Norman Fowler is more of a lesser-sung public servant than an unsung hero. He was the health secretary who persuaded Margaret Thatcher to run a campaign to educate people about Aids.
He was a moderate and sensible Conservative party chair under John Major who tried to keep the party on the centre ground. And until two years ago he was a reforming lord speaker who presided over the upper house of parliament.
There ought to be more of him: decent ministers who did good work (he also made seat belts compulsory as transport secretary) and kept well-written and honest diaries. Fowler’s diaries for the period 1980 to 1997 have just been published under the title The Best of Enemies – the cover picture of Thatcher and Major makes clear that the theme of the volume is Tory division.
The book is relevant today, particularly for the period leading up to the 1997 election, as a divided and ill-disciplined Tory party that had been in power for a long time headed towards all-but-certain defeat. On 28 February 1997, Fowler wrote: “We lose the Wirral by-election by a mile – a 17 per cent swing against us. Why do we think this is all going to change by the time of the general election? Why do we assume the conventional political wisdom that it will be ‘much closer than you think’?”
Then, as now, the disloyalty of former party leaders and their supporters is striking. Thatcher was persistently unhelpful, and her followers attacked Major’s Europe policy. Some pro-EU Tories who should have supported Major were just as bad. Fowler was furious with Geoffrey Howe in early 1995 for saying that Major should have formed a coalition with Labour against the Tory Eurosceptics. For Howe, said Fowler, “Europe comes way above petty things like party politics and the survival of a Conservative government.”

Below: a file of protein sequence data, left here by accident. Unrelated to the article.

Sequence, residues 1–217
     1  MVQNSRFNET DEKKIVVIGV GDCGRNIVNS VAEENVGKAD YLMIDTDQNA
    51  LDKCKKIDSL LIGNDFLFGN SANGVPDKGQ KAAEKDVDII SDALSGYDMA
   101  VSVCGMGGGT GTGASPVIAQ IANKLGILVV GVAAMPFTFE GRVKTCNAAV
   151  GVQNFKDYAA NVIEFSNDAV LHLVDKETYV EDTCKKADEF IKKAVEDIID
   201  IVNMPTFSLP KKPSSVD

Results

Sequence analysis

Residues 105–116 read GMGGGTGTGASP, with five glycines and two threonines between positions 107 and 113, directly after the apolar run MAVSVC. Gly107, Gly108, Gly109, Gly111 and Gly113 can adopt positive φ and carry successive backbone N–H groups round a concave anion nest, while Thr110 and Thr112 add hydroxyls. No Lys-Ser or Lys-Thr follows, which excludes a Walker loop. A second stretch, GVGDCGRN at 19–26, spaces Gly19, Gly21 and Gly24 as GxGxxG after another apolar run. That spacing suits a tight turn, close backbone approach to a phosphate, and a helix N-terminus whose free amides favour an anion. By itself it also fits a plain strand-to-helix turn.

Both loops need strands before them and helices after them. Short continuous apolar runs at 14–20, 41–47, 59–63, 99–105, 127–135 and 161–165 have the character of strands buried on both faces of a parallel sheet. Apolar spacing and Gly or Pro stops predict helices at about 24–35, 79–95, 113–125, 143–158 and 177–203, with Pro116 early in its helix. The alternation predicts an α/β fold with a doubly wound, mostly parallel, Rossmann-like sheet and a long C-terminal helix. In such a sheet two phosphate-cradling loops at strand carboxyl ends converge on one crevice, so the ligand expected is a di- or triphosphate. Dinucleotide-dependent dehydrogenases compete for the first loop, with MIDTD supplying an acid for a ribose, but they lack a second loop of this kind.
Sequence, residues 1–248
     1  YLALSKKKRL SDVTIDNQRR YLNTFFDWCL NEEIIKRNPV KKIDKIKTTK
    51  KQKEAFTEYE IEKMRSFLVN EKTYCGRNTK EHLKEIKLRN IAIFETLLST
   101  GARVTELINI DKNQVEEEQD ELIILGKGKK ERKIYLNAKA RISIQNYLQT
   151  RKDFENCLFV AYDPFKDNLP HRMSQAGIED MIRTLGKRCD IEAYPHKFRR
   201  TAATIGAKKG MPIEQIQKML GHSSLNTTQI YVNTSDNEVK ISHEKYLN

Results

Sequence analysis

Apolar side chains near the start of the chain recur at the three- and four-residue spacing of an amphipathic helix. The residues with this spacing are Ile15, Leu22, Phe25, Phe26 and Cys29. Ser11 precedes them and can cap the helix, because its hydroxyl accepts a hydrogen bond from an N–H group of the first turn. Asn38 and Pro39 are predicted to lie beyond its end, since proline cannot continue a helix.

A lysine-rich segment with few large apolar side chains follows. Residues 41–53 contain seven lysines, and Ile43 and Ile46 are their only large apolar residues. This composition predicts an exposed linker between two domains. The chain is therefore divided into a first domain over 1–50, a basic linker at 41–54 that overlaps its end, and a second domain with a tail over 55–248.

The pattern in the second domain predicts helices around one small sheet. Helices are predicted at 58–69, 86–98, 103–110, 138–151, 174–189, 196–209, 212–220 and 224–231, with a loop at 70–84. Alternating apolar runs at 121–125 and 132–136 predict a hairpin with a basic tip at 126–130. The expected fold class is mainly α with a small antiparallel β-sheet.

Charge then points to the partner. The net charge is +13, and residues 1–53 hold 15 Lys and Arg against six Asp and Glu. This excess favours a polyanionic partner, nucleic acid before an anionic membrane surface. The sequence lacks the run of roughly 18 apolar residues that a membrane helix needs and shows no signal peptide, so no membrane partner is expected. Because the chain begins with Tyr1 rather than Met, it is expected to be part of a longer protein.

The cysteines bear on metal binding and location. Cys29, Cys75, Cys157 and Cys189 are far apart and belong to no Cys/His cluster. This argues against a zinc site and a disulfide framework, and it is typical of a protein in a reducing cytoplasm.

As the election drew near, Fowler was taken aback when canvassing in his Sutton Coldfield constituency. He came across a Tory voter who asked: “Tell me privately, are you really trying to lose this election so that Labour can inherit all the problems that there are?” Fowler said he seemed “absolutely serious, convinced that there was some rational explanation for our behaviour. If only that was true.”
As an aside, Fowler’s contemporary account reminds us that the gods are laughing at us mortals trying to predict leadership elections. On the Sunday before polling day, Fowler wrote: “In the press a Tory defeat is taken for granted and all the speculation is about who will be the next Tory leader: Portillo vs Heseltine seems the likeliest choice.”
Four days later, Michael Portillo lost his seat and two days after that Michael Heseltine was admitted to hospital and announced that he would not be a candidate. William Hague ended up defeating Kenneth Clarke. We should not assume too much about Kemi Badenoch, Penny Mordaunt and James Cleverly.
However, the main point of rehearsing this ancient history is to try to work out how today’s Conservatives might deviate from the apparently inevitable trudge to humiliating defeat.
The big difference between then and now is the state of the economy and public finances. It was only three years after the 1997 election that Gordon Brown boasted of a budget in surplus, raising more in taxes than he was spending. That is not where Rachel Reeves is going to be in 2027.